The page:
What made you want to start a business? Was it your dream to improve the world? Solve a nagging problem? Make some extra cash? Be your own boss? Whatever it was, it didn’t happen without ambition, consistent and dedicated. For Kayla, my ten year old neighbor, it was purchasing a new ukulele. That simple. I found this neatly typed note on my door last Friday when I returned home from work:
“Hi! I’m Kayla Carson; I’m ten and need money for a new ukulele. I am a hard worker, and will work for any price that you think is worth my work. I will do most odd jobs, including dog walking, window washing, house cleaning (eg. sweeping, dusting, mirror cleaning). I will need you to loan me the supplies for your individual jobs though. Working for you would be great, my goal is to earn about $60 for the ukulele that I want.”
And the resounding response in the neighborhood, “Hired!” She makes it look so easy.
Kayla thought it would take a week to make $10 and had therefore forecast six weeks of work. Little did she know that she would earn $93 by 3pm on Sunday, a 90% increase from her plan in way less time. Not bad for a newcomer to the starup world. But that’s not all. Kayla had strongly impressed her first four clients, placed an order for her ukulele, and decided that even though she’d met her original goal, she would keep working.
“I am too young to get a real job,” she explained. “But I like to get to know people and help them, and now I can buy other things.” Her new goal is to purchase a watch so she can keep track of her even busier schedule. In addition to ukulele lessons, Kayla is learning the piano and drums, dancing, participating in Lego Robotics, and now she has this job.
“But what if the business continues to grow?” I asked her.
“Well, I would get friends to help me, and we would collaborate, and we could split the money,” she explained. “I know I can handle twice as much work by myself, but no more than that.”
So, you Startups out there, what can we learn from this 70-pound bundle of ambition and determination? A ton. According to Nick Hughes, who posted in Mashable, there are five distinct traits a successful founder must possess. How does our little Kayla do?
- Activators find ways to simply get things started and make things happen. Kayla wanted a ukulele, and she wanted to help people. That’s all it took. Little did she know all of her customers would be busy homeowners who could use this type of affordable service.
- Adaptability is a trait found in people who can go with the flow, and knowing things might change, they are still committed to solving the problem. Kayla is a busy kid, and she was hit with unexpected and enthusiastic response to her flier. In between her family obligations, she negotiated with each client and showed up right on time. And she has her back up plan.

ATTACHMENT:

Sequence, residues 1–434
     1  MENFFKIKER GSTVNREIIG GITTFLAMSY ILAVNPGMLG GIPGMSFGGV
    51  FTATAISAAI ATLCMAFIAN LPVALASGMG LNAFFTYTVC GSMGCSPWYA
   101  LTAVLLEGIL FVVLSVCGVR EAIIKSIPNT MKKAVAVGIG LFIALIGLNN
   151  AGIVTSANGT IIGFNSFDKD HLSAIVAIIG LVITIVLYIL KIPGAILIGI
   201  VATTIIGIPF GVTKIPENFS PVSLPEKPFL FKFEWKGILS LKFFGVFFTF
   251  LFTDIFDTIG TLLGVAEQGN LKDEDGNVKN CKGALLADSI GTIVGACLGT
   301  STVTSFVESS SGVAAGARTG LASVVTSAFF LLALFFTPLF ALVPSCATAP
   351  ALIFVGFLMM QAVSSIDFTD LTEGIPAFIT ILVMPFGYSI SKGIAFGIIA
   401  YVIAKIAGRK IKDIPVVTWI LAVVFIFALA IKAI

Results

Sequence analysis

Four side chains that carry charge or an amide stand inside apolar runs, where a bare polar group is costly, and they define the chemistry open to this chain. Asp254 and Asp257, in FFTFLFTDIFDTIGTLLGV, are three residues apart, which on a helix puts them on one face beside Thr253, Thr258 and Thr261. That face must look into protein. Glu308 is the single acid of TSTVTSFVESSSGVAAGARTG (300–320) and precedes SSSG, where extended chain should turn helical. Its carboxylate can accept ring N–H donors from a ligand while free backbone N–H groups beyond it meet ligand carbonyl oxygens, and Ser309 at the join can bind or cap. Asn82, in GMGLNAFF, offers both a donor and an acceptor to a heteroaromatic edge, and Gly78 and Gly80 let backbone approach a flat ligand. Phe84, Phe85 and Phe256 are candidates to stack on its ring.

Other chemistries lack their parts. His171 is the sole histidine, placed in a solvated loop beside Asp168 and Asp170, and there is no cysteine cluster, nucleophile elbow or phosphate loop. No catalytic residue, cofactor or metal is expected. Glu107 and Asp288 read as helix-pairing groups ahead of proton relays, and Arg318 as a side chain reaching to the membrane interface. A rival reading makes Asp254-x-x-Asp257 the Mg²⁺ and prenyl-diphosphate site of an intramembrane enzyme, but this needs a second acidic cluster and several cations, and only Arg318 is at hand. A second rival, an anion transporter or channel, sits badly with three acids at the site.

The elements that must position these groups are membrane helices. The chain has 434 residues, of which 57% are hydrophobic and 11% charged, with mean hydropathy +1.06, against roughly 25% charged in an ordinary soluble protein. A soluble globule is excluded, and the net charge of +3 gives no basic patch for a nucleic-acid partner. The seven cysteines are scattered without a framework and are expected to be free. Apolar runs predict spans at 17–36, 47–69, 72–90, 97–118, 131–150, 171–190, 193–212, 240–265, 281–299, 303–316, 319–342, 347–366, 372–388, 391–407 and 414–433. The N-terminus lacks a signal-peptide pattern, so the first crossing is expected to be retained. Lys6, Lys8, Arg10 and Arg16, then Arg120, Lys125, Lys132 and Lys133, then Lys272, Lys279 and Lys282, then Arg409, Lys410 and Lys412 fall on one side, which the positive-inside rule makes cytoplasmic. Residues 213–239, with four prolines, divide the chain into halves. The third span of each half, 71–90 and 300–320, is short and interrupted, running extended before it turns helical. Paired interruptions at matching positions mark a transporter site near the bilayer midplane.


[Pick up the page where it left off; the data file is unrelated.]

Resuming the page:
- Strategy allows you to quickly spot the relevant patterns and issues, to know how to define the market, position the product, see the bigger, and smaller, picture. While it may have been unintentional, Kayla completed a successful market analysis: she had to stay in the neighborhood travelling only as far as she could walk, she knew what service she could offer, and knew she was too young and inexperienced to set a price – yet. After speaking with the first few neighbors that responded, she quickly realized there was a problem bigger than hers, people needed her, just as much as she needed a ukulele. And now she knows how much we’ll pay.
- Discipline allows you to establish routine and structure and is essential to moving a business forward. Discipline is what forces a founder to fill the calendar with customer based tasks. What is Kayla’s next purchase? A watch. She already knows that in order to manage her busy life, and successful business, she will have to be punctual. She seems to have discipline nipped in the bud.
- Focus is always found in the person who can take a direction, follow through, and make the corrections necessary to stay on track. They prioritize, then act. Kayla has a plan for future growth, a plan for investing future income, and already knows she likes walking dogs the best.
And finally, I’d like to add courage to this list. I asked her, “Was it scary putting 30 fliers on the door at strangers’ homes?”
“Yeah,” she responded. “I’m kind of shy at first, and it made me nervous.” Did it stop her? Obviously not.
“And when you grow up?” I asked.
“I want to be an astronaut,” she said easily, getting ready to go to her next job.
“Okay, so next Sunday, 2pm,” I asked.
“Coolio,” she hollered over her shoulder. And she flew out the door, off to the next star.